Prairie Turnip (Psoralea Esculenta)
Look for the aquamarine flowers of the prairie turnip. You may also know it under the name "breadroot" or "prairie potato." These edible wild plants were well known to Native Americans and early settlers, and the tubers of this vegetation may be cleaned and eaten raw or cooked like a turnip. Although the root portion itself is small---it measures only about 1 to 2 inches across---the plants grow in clusters; this makes it easy to collect sufficient quantities for a small meal.
At first glance you might discount this thorny vine with its bright red berries. When you find greenbriers in the woodsy areas of Texas, look toward the ground for young shoots just coming up. Harvest them, strip off the tough other layer, and cook the shoots. If the shoots you find are still very young, you may consume them raw in a salad.
Look for this hardy plant at the higher elevations but also in well-shaded, woodsy areas. Survivalists rely on green clover as nutritious and filling snacks. Avoid eating the clover raw, since larger quantities may lead to stomach upset. Boiling them in saltwater for five minutes makes clover leaves easier to digest.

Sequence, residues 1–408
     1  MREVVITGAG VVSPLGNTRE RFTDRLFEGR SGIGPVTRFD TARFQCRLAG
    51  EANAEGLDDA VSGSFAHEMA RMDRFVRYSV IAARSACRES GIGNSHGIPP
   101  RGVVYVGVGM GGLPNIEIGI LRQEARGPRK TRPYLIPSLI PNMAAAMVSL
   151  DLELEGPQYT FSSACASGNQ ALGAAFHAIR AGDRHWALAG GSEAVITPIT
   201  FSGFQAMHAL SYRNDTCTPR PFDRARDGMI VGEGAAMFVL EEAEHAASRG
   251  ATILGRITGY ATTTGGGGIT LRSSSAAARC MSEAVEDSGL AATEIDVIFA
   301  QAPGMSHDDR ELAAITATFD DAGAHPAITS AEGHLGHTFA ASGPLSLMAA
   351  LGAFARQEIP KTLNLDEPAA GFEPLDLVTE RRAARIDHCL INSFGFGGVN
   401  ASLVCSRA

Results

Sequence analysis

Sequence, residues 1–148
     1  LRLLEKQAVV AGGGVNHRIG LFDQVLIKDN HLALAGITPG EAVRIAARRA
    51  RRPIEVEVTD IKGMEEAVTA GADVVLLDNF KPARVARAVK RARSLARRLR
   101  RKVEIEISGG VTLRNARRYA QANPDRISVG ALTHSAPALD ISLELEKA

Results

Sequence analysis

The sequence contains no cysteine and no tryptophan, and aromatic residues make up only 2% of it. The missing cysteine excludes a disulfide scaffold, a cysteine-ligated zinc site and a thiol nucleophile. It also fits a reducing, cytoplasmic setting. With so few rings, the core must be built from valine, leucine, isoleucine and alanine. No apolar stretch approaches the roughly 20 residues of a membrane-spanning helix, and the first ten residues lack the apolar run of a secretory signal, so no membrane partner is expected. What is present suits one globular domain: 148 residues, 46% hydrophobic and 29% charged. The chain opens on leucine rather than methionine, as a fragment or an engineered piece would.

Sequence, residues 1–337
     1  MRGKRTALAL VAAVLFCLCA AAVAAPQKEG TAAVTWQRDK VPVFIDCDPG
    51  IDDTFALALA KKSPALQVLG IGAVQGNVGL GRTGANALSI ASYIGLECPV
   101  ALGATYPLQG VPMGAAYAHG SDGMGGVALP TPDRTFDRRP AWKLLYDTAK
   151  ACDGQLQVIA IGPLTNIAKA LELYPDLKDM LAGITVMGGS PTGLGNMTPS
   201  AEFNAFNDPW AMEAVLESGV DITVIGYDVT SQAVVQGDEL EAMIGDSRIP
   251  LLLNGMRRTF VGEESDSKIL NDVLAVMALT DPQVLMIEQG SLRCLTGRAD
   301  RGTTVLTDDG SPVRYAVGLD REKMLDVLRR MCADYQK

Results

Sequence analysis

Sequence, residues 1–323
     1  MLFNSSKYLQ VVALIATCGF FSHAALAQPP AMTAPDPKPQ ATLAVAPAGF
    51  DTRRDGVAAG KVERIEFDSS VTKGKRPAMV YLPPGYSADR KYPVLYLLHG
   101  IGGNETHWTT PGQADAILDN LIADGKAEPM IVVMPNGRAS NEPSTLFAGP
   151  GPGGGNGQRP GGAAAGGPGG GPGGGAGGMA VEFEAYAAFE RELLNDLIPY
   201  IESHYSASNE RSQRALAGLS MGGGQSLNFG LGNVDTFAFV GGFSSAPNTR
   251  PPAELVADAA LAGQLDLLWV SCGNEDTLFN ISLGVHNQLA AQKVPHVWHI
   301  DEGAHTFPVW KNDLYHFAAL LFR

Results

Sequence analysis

Adam's Needle (Yucca) pictured at the top
The arid climate of Texas makes Adam's needles a plentiful shrub; it is one of the most versatile edible wild plants in the state. The dried portions of the plant make excellent fire starters, while the young flower petals may be eaten raw. If you run across a yucca with a flower stalk, check for fruit. Cut open the interior and look for a milky white color. Consume the fruit raw or place it on a stick for roasting over the campfire.